Over the Fourth of July weekend, with vigilant neighbors videotaping dogs as they entered the shop, Wagtime moved into its Q Street location without a certificate of occupancy. The city fined Wagtime and ordered the dogs removed. "I was wrong, I know," Schreiber said, "but I had no choice. I had 30 dogs boarding with me for the weekend." Ousted from the new location, Schreiber took the dogs to her house nearby. Neighbors called police about that, and Schreiber ended up paying for three hotel rooms for the dogs over the weekend.

Gary Ridley can see Wagtime's yard from his window, and at the request of city inspectors, he has taken on the role of chief videotaper for the neighbors. "We tried negotiating with Lisa, but she just screams that this is a vendetta against her," Ridley said. "So we have documented everything: the dogs left overnight with no one there, the dogs when they didn't have an occupancy certificate. And it is so disheartening when we, as a neighborhood, have been so good at doing it the right way, working with the city agencies, and then they do nothing."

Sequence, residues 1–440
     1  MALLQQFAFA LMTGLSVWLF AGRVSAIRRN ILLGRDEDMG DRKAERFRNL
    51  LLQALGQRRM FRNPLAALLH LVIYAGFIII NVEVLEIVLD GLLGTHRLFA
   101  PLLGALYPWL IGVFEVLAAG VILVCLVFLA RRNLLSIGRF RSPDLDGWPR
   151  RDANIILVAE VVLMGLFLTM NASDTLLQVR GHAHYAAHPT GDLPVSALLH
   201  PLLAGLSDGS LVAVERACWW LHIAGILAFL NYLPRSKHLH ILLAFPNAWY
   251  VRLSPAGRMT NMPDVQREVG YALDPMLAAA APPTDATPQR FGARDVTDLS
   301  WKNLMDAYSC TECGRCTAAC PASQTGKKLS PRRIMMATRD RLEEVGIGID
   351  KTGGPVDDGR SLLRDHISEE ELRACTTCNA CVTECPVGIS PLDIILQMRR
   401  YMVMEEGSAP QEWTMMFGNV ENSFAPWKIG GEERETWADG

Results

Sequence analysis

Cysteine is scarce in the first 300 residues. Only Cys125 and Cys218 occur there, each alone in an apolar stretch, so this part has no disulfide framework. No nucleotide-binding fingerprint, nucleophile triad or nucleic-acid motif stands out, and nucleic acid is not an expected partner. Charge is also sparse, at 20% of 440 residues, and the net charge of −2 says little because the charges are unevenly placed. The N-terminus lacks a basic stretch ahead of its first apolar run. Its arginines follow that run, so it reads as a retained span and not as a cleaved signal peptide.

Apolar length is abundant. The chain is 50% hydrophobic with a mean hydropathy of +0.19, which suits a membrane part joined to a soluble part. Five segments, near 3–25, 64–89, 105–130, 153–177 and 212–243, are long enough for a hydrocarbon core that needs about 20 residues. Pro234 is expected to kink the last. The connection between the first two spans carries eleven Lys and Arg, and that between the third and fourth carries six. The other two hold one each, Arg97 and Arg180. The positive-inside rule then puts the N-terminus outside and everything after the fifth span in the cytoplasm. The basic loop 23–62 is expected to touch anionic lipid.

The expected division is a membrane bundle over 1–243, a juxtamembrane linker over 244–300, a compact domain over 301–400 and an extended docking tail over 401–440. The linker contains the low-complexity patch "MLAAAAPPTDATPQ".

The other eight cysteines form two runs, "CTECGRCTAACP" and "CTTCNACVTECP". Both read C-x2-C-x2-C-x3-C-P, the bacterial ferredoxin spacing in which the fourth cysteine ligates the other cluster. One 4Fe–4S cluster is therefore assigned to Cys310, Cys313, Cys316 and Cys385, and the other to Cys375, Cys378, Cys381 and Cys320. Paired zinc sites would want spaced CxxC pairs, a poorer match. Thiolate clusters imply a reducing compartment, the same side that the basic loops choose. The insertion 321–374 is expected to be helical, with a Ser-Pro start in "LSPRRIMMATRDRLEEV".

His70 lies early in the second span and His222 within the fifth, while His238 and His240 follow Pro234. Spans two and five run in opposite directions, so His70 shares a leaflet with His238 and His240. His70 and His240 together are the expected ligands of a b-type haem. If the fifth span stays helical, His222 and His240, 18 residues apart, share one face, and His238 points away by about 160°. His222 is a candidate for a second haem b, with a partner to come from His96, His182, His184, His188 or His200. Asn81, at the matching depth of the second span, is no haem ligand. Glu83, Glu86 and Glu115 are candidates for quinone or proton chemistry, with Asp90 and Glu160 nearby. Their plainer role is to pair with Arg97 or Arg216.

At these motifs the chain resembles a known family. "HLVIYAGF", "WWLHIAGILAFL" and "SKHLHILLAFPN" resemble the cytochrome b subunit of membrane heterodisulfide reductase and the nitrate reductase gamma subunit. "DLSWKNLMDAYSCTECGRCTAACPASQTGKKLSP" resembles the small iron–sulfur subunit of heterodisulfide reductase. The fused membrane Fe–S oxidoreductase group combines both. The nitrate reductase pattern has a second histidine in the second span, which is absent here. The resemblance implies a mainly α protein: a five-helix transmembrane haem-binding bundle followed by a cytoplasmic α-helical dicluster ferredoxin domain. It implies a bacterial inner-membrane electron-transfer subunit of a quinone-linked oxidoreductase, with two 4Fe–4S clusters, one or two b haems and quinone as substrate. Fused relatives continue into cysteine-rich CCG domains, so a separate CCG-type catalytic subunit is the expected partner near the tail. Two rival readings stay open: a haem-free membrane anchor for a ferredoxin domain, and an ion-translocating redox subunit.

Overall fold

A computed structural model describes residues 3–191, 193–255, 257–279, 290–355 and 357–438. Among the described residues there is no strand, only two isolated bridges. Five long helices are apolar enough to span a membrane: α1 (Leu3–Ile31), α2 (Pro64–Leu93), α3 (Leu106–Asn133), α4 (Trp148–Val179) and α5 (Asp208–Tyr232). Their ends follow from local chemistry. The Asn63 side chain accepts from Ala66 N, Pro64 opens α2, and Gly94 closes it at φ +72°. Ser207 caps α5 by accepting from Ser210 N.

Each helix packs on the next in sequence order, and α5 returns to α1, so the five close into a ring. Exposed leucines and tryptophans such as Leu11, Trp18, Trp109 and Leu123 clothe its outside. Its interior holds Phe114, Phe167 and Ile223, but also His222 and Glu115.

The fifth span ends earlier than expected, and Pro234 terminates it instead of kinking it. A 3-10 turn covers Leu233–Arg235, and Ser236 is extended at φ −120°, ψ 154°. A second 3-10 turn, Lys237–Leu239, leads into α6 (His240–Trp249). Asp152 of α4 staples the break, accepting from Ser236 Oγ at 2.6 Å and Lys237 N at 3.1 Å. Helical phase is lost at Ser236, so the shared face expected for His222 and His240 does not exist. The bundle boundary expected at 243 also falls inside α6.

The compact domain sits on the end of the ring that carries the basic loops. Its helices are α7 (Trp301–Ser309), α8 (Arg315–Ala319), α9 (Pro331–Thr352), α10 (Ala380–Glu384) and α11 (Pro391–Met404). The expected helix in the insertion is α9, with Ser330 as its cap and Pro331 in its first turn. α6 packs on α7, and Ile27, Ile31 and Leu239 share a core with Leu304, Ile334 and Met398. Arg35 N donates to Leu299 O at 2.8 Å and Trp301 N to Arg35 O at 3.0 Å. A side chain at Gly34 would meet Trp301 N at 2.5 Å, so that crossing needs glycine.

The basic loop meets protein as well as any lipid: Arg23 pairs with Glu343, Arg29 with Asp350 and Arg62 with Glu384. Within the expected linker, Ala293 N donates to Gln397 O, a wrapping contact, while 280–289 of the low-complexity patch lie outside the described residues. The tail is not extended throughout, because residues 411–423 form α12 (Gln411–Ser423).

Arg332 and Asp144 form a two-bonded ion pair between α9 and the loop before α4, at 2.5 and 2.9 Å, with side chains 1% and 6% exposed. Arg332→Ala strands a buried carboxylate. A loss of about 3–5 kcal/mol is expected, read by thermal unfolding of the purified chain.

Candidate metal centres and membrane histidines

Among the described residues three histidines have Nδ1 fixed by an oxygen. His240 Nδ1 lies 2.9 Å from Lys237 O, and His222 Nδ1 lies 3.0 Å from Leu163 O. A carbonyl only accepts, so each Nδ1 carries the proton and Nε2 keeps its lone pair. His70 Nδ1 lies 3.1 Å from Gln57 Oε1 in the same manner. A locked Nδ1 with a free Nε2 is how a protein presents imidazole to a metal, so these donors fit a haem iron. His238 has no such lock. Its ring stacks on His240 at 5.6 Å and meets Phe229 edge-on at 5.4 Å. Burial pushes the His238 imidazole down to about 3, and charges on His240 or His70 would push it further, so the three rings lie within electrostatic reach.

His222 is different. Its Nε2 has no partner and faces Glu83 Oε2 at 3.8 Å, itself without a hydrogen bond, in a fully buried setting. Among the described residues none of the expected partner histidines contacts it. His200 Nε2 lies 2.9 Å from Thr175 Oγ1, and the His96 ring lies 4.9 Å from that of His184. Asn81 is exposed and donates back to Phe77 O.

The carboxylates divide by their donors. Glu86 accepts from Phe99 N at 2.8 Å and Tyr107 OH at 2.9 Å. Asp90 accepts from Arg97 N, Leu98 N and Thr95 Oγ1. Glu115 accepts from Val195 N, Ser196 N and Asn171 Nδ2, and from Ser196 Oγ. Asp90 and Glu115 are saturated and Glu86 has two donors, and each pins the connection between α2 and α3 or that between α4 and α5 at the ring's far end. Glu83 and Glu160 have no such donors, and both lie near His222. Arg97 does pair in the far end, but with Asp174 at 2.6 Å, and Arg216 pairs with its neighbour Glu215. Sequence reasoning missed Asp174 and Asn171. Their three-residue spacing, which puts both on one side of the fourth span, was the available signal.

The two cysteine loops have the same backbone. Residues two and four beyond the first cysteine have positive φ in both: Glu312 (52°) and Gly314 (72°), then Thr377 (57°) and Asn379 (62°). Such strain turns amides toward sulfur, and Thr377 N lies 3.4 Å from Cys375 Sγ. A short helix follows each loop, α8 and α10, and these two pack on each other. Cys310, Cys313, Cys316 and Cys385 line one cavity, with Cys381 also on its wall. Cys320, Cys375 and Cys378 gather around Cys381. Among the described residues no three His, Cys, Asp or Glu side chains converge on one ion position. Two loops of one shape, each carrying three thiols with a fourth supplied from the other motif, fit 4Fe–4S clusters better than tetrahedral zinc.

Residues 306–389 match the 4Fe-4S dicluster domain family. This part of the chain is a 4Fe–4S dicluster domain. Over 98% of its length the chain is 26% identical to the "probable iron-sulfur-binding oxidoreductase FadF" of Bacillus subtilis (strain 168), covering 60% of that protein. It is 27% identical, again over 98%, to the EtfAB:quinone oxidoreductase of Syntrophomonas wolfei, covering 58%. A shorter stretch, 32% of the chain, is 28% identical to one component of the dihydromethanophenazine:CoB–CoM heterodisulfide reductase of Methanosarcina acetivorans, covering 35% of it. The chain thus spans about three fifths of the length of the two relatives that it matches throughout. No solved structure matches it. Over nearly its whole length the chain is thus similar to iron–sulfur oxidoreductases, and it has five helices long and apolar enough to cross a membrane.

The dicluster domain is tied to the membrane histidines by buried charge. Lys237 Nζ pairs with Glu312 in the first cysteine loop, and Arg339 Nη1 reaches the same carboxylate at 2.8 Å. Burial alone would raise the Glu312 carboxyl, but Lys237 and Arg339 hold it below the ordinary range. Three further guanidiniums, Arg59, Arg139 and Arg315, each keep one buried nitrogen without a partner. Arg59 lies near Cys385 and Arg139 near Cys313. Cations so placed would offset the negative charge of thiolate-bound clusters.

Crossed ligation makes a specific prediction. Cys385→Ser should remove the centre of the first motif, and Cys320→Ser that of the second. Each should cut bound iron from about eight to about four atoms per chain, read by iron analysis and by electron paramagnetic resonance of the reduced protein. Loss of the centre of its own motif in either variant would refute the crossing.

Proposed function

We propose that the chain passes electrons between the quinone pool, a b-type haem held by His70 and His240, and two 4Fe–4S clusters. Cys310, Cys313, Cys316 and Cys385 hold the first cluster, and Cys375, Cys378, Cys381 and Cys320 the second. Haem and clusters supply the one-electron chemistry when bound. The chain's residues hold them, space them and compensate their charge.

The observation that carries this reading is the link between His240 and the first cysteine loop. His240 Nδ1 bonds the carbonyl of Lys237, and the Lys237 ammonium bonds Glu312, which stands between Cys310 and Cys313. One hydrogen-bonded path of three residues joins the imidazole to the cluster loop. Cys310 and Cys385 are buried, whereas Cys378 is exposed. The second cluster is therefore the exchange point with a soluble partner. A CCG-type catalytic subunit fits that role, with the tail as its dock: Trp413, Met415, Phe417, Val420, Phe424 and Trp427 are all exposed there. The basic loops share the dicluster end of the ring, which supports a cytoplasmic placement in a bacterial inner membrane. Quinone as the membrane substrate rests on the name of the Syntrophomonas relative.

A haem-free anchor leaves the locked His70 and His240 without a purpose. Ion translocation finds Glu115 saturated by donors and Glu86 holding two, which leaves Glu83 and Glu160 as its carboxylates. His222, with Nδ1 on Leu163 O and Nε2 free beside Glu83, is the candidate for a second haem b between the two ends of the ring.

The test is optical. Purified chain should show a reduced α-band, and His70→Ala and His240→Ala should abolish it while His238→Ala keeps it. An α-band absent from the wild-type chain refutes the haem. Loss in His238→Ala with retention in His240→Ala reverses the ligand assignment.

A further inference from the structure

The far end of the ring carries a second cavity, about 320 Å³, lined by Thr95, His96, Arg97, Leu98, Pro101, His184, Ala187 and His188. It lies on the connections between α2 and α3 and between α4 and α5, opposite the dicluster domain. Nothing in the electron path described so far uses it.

Schreiber said a member of her staff sleeps in the dogs' room with them overnight. When I visited Wagtime yesterday, it was clean and quiet, but at other times in recent days, I've heard the dogs from several houses down the block.

"We have done what we can do," said Chris Bender, a spokesman for the deputy mayor for planning and economic development and the only one of five city officials involved in the case who would talk about it. Because the D.C. Council killed the mayor's master business license program, the city has no ability to regulate this kind of business, he said. "They can keep as many dogs as they like. If the neighbors say it's way too loud, we can go out there and check, but that's all we can do."